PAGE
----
An organisation that provides veterinary care to dogs belonging to homeless or vulnerably housed owners has benefited from a resources boost, thanks to additional donations from Virbac.

Trusty Paws
Trusty Paws secretary Kirsty Fingland (left) during a clinic with volunteer vet Lisa Marshall.

The pharmaceutical company has supported not-for-profit organisation Trusty Paws since its inception, and has now supplied additional quantities of vaccines and spot-on flea treatments, including the Canixin vaccine, its Milpro wormer and Effipro spot-on flea treatment.

Student clinics

Trusty Paws was launched in 2014 by University of Glasgow student Ruby Shorrock, who was inspired to start the project after hearing about a similar clinic run by The University of Nottingham School of Veterinary Medicine and Science.

Monthly clinics are supervised by veterinary students and see dogs given free vaccinations and flea and worm treatments. They are also microchipped if required, while bedding, food and clothing is also given to dogs and owners alike.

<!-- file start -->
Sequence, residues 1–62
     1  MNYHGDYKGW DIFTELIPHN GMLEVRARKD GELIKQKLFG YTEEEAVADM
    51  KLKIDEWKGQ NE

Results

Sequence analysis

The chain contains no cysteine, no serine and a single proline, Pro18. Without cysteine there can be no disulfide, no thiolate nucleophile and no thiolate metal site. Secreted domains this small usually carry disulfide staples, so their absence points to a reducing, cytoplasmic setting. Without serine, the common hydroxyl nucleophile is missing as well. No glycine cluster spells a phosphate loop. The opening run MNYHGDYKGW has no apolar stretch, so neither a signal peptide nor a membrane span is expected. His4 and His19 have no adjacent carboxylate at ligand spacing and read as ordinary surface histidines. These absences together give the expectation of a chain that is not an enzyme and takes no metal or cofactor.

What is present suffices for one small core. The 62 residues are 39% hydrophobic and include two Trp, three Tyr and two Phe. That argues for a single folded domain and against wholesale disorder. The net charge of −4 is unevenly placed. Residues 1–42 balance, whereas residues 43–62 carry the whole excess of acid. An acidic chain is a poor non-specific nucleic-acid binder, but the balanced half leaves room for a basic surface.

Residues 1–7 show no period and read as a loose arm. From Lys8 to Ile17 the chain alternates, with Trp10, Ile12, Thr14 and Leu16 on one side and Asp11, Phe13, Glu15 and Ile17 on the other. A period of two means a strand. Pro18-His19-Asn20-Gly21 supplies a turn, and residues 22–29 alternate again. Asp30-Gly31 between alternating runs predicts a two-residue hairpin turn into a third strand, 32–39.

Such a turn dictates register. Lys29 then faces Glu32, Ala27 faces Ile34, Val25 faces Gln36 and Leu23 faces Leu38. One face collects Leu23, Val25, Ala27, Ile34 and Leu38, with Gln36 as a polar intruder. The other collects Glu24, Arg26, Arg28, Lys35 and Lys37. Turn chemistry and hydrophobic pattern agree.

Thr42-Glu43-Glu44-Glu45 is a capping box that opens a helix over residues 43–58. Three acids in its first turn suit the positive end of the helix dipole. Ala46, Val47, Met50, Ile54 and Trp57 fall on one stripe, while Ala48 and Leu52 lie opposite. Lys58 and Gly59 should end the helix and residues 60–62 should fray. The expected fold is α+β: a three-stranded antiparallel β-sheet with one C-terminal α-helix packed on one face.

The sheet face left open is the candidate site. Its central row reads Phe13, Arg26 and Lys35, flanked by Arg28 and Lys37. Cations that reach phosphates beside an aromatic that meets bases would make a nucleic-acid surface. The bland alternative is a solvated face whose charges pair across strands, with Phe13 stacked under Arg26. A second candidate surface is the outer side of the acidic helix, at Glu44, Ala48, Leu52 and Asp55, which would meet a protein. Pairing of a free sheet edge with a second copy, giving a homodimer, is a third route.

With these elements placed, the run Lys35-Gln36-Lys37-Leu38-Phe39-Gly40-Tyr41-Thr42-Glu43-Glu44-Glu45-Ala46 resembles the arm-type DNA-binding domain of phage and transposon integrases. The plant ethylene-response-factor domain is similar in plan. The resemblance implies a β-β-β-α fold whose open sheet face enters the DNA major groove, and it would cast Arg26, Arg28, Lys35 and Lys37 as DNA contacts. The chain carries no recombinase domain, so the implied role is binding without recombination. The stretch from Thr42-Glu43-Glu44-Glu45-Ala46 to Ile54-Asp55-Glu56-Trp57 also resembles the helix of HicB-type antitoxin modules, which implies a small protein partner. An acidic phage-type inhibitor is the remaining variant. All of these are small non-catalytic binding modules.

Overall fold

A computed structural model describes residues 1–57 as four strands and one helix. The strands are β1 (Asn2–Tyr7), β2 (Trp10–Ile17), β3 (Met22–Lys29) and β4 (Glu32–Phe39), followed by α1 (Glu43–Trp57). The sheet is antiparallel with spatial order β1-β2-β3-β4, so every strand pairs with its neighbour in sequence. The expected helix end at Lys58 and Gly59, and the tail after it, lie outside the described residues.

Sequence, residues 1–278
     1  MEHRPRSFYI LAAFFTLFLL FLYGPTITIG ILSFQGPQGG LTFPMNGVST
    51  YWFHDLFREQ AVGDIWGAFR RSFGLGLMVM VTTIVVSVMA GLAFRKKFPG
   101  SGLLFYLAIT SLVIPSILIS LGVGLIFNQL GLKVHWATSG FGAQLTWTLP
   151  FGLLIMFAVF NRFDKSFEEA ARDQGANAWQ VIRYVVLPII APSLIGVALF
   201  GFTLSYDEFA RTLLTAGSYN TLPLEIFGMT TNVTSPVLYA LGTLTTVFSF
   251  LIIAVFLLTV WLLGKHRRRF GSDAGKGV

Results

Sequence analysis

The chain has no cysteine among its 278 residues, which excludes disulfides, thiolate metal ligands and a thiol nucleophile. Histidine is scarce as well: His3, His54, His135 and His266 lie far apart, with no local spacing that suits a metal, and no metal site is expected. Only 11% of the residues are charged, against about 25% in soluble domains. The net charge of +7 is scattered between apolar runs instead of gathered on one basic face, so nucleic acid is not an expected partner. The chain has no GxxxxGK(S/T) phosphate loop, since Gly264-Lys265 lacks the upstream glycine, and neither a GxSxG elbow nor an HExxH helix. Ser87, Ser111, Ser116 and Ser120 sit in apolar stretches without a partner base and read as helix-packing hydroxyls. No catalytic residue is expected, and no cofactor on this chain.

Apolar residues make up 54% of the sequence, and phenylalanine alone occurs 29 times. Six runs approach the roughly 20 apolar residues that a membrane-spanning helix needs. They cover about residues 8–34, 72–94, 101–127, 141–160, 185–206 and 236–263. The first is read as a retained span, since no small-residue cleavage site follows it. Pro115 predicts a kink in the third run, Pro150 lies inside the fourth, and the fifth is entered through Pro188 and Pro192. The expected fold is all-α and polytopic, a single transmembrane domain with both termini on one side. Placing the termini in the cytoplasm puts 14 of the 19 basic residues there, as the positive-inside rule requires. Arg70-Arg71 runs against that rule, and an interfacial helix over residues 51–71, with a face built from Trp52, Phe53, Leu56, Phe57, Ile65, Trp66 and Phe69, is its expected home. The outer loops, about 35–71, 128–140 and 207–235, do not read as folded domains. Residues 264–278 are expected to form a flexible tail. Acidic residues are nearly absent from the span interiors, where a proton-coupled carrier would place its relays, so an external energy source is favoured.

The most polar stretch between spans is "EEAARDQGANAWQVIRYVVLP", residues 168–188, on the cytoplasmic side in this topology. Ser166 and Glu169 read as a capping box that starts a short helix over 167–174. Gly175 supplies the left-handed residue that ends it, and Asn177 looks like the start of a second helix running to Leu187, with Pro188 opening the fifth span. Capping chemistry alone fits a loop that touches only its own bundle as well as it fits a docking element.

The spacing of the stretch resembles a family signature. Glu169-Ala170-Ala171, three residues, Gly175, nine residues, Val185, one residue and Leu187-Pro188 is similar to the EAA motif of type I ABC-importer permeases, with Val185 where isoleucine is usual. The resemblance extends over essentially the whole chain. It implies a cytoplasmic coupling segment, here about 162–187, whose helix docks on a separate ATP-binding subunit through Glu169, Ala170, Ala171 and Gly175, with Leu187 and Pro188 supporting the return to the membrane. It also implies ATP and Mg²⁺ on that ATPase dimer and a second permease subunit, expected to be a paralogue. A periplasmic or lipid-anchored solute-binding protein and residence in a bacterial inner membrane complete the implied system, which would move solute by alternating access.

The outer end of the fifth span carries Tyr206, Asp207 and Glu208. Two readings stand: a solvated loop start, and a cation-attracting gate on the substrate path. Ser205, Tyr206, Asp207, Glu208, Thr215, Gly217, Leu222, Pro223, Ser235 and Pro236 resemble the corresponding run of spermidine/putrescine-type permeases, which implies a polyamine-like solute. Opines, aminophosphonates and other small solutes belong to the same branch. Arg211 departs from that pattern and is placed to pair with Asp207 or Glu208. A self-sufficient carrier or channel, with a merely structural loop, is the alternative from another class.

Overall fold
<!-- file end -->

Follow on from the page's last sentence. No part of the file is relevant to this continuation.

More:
The organisation has recently expanded to offer a similar service in London with the support of students from the RVC.

Extended scope

Simon Boulton, head of marketing (companion animal business unit) at Virbac, said: “Trusty Paws offers a vital service to animals that live a difficult life, but provide much-needed companionship to their owners. We are delighted to continue to support Trusty Paws in providing veterinary care to these deserving animals.”

Dr Shorrock, who now works in private practice, but remains a trustee of Trust paws, said: “Since we launched Trusty Paws, the need for the service we offer has become increasingly obvious and we are working to extend the scope of what we provide to meet the welfare needs of the animals of the homeless in Glasgow. Virbac has been with us since the early days and we are very grateful for its continued generous support for our work.”

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